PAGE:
Alberto remnants threaten Alabama with flash flooding
May 30 2018 12:04 AM
Subtropical Storm Alberto arrives at Orange Beach, Alabama, on Monday in this picture obtained from social media.


Subtropical storm Alberto fizzled into a subtropical depression yesterday as it rolled into Alabama but forecasters warned of potentially dangerous flash floods even as winds dropped to 48km/h. 
At its height, Alberto, the first storm of the 2018 Atlantic hurricane season, blasted sustained winds of 105km/h with gusts that packed full hurricane punches of 121km/h, said meteorologist David Roth of the National Weather Service.
“It’s slowly weakening and it’s not regaining any strength,” Roth said. “The chances of it spinning off tornadoes now has dropped to virtually zero.”
The National Hurricane Center (NHC) canceled coastal warnings and watches for the storm, which spun up days before the formal start of the hurricane season on June 1.
Minor power outages were reported in north Florida, and the state’s emergency response team started closing shelters on Monday, citing a lack of need.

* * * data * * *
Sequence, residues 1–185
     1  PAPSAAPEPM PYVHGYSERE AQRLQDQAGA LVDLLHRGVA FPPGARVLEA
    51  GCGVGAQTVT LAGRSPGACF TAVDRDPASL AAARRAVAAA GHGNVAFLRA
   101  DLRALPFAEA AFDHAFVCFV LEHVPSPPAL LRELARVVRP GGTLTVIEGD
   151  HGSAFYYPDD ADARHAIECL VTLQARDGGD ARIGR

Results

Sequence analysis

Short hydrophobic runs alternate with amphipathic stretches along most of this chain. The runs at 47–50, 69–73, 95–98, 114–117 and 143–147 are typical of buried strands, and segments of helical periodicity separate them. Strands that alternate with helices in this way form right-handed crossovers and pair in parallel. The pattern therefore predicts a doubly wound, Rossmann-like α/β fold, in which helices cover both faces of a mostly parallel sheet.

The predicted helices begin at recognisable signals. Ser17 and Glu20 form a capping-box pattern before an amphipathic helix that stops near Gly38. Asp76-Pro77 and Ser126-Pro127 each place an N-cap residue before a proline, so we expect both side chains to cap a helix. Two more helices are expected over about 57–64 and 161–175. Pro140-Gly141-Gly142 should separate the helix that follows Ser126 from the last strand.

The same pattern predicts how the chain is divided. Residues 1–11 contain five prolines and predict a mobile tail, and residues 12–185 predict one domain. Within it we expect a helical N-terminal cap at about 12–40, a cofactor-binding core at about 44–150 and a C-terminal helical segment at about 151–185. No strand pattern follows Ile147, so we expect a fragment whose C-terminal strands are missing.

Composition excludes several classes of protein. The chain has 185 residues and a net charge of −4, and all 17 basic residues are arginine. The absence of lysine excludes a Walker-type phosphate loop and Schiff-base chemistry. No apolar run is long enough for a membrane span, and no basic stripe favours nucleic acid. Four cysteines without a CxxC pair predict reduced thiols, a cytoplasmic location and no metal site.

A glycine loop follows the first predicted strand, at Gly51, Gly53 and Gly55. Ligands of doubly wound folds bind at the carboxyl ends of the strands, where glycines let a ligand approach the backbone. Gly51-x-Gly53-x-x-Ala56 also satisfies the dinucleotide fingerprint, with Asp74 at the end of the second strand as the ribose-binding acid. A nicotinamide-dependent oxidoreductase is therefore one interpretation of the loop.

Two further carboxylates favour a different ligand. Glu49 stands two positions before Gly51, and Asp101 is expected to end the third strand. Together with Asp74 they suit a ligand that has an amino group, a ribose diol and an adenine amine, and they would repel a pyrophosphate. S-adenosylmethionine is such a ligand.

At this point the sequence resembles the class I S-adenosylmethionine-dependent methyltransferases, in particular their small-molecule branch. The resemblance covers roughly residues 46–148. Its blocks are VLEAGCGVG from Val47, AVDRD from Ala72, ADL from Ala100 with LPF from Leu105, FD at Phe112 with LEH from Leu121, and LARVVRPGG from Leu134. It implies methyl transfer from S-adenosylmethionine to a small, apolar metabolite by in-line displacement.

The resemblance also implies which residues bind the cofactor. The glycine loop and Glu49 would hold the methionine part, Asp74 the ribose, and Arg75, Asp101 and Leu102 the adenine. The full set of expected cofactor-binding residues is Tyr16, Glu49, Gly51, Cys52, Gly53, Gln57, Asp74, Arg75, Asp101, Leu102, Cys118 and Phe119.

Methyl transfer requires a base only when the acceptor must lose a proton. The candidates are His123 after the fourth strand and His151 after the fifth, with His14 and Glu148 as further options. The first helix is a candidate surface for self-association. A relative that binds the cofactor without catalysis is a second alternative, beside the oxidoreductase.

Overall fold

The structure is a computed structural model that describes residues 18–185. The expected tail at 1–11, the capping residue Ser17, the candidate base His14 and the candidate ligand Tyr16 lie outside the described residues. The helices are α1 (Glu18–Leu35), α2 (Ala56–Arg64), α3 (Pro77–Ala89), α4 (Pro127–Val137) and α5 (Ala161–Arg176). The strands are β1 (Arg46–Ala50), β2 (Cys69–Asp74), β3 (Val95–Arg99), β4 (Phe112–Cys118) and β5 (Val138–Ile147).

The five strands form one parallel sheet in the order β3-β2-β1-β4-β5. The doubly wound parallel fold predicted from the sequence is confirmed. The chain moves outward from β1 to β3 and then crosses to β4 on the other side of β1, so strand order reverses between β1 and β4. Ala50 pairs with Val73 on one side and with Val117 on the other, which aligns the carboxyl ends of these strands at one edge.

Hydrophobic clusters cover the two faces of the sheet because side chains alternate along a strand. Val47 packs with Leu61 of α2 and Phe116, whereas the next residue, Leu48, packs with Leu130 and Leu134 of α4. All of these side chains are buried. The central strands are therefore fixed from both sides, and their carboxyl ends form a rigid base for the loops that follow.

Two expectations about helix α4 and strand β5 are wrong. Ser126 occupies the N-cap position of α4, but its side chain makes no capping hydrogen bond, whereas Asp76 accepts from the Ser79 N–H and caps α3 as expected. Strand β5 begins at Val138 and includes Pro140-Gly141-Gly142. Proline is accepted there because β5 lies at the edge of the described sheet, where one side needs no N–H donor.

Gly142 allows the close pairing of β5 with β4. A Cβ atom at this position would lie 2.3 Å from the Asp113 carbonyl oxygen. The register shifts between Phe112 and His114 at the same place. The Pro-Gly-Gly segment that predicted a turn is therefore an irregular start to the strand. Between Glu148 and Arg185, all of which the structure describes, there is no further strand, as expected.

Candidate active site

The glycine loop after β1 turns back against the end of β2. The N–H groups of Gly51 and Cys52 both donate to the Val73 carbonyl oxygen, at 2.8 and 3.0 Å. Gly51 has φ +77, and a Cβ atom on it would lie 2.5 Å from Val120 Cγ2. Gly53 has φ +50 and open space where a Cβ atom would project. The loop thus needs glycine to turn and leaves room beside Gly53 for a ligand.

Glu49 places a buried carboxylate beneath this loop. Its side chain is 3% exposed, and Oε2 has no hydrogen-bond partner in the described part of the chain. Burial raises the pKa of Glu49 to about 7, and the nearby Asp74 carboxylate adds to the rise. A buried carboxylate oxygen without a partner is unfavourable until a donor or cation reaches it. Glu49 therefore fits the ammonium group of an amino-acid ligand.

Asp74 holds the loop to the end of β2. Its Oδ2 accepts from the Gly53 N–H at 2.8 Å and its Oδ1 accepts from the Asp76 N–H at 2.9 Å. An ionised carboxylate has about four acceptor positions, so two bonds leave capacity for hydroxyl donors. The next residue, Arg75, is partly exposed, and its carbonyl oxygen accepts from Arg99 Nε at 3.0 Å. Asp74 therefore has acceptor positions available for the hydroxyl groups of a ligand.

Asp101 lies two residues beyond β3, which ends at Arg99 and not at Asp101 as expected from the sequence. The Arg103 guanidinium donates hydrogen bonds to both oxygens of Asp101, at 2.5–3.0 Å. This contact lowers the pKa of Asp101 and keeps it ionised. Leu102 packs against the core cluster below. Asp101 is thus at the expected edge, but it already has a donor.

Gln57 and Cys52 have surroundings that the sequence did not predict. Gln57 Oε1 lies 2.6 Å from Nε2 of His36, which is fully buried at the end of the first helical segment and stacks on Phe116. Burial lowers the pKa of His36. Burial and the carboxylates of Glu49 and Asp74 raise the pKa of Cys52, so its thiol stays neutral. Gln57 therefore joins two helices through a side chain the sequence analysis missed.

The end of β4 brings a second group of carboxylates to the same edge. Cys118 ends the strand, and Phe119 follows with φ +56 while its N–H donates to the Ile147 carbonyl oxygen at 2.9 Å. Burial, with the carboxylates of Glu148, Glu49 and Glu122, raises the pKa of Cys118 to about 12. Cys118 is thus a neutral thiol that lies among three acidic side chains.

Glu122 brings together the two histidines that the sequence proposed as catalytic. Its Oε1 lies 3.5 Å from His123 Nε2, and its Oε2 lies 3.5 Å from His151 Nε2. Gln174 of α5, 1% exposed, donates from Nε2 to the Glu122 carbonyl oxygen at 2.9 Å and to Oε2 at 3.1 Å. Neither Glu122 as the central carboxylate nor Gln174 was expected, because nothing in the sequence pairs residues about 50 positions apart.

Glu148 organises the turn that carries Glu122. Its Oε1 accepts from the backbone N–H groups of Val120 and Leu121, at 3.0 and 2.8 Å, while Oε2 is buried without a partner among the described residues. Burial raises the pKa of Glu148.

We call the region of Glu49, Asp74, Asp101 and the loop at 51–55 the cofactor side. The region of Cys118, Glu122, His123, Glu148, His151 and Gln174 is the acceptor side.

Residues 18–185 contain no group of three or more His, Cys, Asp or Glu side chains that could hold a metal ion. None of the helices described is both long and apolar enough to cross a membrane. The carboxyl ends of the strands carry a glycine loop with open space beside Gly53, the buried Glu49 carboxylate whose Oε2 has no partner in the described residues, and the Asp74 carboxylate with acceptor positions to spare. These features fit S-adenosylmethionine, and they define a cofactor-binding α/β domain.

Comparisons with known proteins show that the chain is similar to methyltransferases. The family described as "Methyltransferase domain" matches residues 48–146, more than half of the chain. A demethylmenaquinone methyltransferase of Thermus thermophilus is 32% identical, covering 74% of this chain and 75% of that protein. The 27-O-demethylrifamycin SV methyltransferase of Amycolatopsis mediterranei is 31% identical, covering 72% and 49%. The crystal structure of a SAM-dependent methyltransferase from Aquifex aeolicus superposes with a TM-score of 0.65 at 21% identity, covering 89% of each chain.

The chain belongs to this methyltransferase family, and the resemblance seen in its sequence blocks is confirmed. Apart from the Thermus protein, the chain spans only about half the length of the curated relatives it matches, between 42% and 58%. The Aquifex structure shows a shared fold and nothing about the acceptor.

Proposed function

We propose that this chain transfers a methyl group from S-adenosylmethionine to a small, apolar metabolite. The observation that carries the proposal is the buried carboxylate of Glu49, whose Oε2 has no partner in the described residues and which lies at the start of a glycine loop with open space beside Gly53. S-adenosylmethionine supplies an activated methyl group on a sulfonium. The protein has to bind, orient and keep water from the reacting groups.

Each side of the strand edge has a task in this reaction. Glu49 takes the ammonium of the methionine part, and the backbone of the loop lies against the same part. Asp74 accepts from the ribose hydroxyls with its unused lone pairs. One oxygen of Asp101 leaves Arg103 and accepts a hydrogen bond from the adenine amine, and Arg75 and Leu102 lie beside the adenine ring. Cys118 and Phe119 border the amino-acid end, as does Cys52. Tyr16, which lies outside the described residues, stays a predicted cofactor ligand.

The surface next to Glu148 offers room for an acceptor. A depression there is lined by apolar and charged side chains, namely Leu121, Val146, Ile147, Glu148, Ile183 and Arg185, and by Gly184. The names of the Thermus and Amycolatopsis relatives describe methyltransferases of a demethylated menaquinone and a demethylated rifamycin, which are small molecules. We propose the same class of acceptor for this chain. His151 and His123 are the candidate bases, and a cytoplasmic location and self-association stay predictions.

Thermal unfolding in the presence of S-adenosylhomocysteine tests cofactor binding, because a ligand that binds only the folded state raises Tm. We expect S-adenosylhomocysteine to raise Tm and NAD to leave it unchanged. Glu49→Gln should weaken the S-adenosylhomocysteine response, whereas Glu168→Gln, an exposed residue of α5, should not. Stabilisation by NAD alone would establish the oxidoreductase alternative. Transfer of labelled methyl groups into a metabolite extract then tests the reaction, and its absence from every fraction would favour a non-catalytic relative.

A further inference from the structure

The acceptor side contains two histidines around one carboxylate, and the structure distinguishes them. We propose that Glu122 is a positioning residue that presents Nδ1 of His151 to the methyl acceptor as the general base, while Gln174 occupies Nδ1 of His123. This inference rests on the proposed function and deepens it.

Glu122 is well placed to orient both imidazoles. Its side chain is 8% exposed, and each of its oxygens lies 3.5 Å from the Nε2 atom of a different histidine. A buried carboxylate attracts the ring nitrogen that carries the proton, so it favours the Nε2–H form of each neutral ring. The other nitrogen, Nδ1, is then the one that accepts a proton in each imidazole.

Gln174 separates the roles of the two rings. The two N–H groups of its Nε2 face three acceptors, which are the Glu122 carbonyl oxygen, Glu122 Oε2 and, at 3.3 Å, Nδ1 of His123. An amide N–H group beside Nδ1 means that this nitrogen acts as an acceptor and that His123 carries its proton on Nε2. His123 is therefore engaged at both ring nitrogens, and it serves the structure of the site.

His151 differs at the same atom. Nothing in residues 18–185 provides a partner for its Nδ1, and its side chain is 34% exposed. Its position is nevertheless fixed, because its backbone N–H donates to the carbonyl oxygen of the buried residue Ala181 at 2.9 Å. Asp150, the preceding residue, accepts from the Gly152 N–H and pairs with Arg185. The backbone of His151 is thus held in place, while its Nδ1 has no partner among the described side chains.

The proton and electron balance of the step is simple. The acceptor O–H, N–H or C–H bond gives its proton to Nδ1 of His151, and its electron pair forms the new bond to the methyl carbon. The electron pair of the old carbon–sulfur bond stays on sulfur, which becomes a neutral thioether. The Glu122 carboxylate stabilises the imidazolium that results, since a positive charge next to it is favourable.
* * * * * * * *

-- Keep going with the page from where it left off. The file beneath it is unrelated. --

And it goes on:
Some areas on Gulf Coast barrier islands remained under evacuation orders due to flood risks, officials said.
Alberto will probably weaken as it moves northward into the Tennessee Valley and then to the Ohio Valley, finally withering into a “remnant low pressure storm” by the evening, with winds at around 40km/h, Roth said.
The NHC warned it would still deliver heavy, potentially damaging rains of 6cm to 15cm, with as much as 30cm in some areas in north Florida and Alabama through yesterday night.
It could dump up to 15cm of rain as it moves north toward lower Michigan by today evening, officials said.
Two journalists covering the worsening weather in North Carolina were killed on Monday when a tree fell on their vehicle.
Royal Dutch Shell Plc was sending workers back to the eastern Gulf of Mexico and Chevron Corp restored some production on Monday after the storm’s passage.
Shell plans to restore production at its Ram Powell Hub in the Viosca Knoll area of the Gulf as it soon as the platform can operate safely, the company said.
Authorities in Florida’s Franklin and Taylor counties issued mandatory evacuation orders for thousands of coastal residents.
Four deadly hurricanes struck the United States last year, killing at least 144 people and causing billions of dollars in damage, massive power outages and devastating hundreds of thousands of homes and businesses, according to the NHC.

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